He joked that Devin Smith told him he figured last year was Spencer’s year for the one-handed catch and this year is Smith’s. They don’t think about when they are going to use only one hand. It just happens naturally.

Tuesday’s practice was not fun. The weather was sticky and there was a lot of stuff to correct from the game.

He could tell the defense was getting tired in the game, but that doesn’t affect how the offense approaches it. They try to stay focused and keep doing things well and with a fast tempo.

Travis Howard said he sees good athletes on the UCF squad, including an All-America caliber return man (Rannell Hall).

The Buckeyes know they have to be excellent on special teams.

They expect a lot of runs as well as short passes from the Knights.

Ohio State Football Week 2: Who Says You Can’t Go Home?

What we learned last week: Maybe Thomas Wolfe was wrong and Bon Jovi was right. Urban Meyer found out you can indeed go home again, at least for one week.

I could not help but get the feeling his first game back on a college sideline as a head coach – at Ohio Stadium, where he was a graduate assistant 25 years ago for the favorite team of his childhood – went just about perfectly overall because there were plenty of things the Buckeyes could have done better.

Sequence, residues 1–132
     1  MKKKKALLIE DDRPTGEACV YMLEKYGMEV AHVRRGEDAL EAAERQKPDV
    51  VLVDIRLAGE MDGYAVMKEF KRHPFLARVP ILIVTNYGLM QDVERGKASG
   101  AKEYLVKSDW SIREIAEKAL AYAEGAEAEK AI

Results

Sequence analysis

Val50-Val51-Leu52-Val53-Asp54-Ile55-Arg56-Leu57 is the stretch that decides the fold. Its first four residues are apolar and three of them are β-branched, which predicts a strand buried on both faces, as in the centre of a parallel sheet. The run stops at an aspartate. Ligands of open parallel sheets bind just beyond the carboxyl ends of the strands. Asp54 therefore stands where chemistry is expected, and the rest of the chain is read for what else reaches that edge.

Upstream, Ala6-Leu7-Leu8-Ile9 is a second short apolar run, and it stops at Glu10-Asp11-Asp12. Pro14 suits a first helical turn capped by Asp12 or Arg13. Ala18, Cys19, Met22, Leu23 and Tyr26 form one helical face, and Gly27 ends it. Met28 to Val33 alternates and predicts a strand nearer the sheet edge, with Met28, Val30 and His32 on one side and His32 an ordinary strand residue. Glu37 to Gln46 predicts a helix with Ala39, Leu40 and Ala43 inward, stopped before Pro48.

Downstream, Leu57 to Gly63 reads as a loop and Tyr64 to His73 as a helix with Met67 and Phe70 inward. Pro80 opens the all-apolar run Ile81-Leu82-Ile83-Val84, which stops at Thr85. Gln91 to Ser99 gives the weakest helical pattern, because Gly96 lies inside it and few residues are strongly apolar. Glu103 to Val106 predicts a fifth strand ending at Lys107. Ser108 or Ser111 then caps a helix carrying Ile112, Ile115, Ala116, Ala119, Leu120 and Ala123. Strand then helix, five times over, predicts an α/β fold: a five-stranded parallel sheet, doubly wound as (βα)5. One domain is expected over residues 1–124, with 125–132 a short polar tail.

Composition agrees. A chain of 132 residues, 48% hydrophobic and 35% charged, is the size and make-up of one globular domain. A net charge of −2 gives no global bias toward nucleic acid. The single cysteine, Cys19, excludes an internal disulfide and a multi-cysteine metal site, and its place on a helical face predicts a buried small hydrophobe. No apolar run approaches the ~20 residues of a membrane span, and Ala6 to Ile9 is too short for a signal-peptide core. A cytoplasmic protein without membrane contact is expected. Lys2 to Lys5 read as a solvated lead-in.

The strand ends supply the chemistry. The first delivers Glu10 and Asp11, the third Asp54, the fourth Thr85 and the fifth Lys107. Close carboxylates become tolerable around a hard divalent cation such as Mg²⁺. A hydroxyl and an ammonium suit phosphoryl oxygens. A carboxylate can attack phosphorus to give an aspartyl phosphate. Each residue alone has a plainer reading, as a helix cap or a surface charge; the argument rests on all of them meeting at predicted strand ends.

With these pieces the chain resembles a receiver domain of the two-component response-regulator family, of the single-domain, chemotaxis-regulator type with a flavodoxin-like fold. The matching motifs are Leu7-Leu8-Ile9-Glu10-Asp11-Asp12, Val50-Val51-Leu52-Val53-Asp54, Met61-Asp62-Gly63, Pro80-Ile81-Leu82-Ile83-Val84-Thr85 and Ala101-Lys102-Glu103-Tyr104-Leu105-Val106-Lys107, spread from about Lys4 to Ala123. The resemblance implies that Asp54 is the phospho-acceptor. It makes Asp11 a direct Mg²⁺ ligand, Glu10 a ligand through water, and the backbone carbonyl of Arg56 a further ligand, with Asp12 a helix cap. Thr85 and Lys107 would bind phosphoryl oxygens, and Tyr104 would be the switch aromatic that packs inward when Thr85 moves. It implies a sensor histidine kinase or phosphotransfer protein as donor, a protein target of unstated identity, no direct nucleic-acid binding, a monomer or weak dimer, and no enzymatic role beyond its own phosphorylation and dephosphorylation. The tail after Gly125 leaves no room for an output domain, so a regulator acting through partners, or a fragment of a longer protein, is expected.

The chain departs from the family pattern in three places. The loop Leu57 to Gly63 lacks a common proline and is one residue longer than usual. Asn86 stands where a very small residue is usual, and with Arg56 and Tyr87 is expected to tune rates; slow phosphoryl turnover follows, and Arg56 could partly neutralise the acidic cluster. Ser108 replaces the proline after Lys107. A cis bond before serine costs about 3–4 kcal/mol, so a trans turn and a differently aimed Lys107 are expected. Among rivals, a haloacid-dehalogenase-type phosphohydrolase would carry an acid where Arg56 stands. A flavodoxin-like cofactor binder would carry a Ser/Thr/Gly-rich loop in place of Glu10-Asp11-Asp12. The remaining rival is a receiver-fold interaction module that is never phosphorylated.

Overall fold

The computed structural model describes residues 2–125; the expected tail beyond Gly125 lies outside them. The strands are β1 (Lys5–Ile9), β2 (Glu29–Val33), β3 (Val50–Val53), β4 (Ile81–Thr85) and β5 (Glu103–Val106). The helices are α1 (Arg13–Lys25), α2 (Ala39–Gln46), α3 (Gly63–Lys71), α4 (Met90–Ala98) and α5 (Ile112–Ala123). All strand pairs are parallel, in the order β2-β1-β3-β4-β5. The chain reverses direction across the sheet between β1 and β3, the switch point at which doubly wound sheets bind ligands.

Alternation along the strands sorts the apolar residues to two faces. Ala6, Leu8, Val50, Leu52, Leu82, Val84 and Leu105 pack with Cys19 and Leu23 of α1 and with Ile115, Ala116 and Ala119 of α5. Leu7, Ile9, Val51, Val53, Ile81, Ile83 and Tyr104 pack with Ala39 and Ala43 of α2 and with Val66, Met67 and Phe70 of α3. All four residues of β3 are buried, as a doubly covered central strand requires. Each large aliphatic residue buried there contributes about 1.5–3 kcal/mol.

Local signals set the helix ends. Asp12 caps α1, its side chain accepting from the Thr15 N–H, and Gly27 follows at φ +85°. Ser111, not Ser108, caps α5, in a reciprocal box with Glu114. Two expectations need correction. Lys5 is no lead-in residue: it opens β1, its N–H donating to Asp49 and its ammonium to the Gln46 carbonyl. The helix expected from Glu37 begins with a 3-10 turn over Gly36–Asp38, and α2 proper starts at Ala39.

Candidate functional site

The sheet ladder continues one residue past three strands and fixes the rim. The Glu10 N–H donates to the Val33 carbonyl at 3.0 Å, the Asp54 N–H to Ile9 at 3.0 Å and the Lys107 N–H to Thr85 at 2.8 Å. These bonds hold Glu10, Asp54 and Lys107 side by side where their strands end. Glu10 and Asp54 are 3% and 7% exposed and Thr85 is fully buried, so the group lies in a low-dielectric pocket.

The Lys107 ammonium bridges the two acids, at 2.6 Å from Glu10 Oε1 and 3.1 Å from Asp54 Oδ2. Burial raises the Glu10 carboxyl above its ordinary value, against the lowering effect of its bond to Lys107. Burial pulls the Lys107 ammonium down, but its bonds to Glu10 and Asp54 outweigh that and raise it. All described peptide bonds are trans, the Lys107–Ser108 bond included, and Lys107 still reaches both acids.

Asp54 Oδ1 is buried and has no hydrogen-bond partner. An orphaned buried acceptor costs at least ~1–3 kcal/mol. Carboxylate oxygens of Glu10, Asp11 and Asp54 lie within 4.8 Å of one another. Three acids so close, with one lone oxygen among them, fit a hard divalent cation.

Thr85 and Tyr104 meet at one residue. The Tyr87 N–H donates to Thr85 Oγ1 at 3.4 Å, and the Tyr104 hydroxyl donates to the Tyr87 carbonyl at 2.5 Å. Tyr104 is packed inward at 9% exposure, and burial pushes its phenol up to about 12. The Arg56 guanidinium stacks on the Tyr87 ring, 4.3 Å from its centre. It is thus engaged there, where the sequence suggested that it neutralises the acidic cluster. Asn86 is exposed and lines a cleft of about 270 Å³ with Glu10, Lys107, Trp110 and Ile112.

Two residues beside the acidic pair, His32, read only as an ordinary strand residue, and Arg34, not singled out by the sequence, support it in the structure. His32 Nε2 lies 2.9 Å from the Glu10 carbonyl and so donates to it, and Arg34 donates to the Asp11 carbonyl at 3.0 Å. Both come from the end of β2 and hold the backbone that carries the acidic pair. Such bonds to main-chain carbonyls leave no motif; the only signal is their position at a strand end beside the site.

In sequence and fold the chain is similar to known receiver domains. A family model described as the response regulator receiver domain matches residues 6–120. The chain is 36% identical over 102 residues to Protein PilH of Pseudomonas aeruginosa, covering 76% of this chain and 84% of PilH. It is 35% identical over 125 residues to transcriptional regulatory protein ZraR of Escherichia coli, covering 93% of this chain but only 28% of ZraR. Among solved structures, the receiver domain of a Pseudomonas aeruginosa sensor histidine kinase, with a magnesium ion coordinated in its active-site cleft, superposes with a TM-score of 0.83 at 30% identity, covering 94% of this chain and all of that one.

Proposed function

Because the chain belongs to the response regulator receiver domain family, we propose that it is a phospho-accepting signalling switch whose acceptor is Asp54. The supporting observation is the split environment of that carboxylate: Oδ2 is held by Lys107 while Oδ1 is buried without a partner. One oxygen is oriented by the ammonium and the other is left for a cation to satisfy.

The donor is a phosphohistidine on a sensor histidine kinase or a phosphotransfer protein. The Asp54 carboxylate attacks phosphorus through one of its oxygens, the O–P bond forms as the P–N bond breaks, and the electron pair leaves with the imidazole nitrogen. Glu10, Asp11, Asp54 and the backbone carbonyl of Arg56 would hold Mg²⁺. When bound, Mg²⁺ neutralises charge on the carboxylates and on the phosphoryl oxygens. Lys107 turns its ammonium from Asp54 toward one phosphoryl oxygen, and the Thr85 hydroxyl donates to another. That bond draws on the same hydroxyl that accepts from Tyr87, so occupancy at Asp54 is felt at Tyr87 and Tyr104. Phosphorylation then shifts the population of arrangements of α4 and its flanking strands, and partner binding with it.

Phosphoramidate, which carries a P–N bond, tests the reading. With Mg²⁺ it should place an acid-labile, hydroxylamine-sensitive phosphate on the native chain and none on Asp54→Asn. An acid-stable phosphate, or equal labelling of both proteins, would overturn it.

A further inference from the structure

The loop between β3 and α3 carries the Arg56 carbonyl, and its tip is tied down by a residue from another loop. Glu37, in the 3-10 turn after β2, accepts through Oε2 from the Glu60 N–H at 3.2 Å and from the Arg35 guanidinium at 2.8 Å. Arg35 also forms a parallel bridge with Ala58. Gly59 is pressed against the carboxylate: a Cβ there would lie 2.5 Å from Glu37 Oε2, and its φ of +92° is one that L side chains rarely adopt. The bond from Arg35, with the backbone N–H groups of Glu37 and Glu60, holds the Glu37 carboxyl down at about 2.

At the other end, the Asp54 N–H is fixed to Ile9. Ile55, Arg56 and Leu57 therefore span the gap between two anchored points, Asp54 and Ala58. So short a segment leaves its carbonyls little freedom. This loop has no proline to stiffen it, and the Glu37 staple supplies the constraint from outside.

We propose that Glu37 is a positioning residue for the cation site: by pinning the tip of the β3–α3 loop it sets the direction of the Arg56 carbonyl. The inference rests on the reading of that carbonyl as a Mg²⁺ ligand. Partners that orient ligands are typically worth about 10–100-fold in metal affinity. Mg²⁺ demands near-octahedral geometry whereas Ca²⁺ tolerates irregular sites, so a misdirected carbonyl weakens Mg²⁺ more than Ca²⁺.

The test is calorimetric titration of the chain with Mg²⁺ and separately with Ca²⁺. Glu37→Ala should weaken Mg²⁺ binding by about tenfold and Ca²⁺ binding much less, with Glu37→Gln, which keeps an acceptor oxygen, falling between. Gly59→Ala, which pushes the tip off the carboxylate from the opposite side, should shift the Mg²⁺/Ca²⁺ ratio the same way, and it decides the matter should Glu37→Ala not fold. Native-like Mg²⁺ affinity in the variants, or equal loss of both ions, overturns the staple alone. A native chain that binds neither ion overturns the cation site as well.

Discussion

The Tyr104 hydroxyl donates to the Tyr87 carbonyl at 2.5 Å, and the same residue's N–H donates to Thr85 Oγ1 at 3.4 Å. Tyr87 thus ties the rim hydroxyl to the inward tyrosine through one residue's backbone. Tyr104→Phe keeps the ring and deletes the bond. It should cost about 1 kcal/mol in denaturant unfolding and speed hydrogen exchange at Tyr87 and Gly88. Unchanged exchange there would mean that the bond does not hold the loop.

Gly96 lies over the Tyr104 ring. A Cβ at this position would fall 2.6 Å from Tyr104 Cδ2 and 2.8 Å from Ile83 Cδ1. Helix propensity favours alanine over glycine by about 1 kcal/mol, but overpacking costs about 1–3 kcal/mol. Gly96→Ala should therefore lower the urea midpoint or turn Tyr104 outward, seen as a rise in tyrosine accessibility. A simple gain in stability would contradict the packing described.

Sure, they put 56 points on the board and eclipsed 500 total yards.

The stud quarterback showed he really can be a great fit in the spread option offense, and a couple of potential playmakers showed up on the outside even as a bullish running back proved there really is something to the idea this is a power offense at its heart.

A bunch of those highly touted freshmen got into the act, too, including two who managed quarterback sacks in the second half.

All in all, a feeling of fun buzzed through the stadium after the team had a chance to get warmed up.

There were some anxious moments early, but just as the clouds that covered central Ohio all morning lightened for a while after noon, the crowd perked up as the offense gained traction.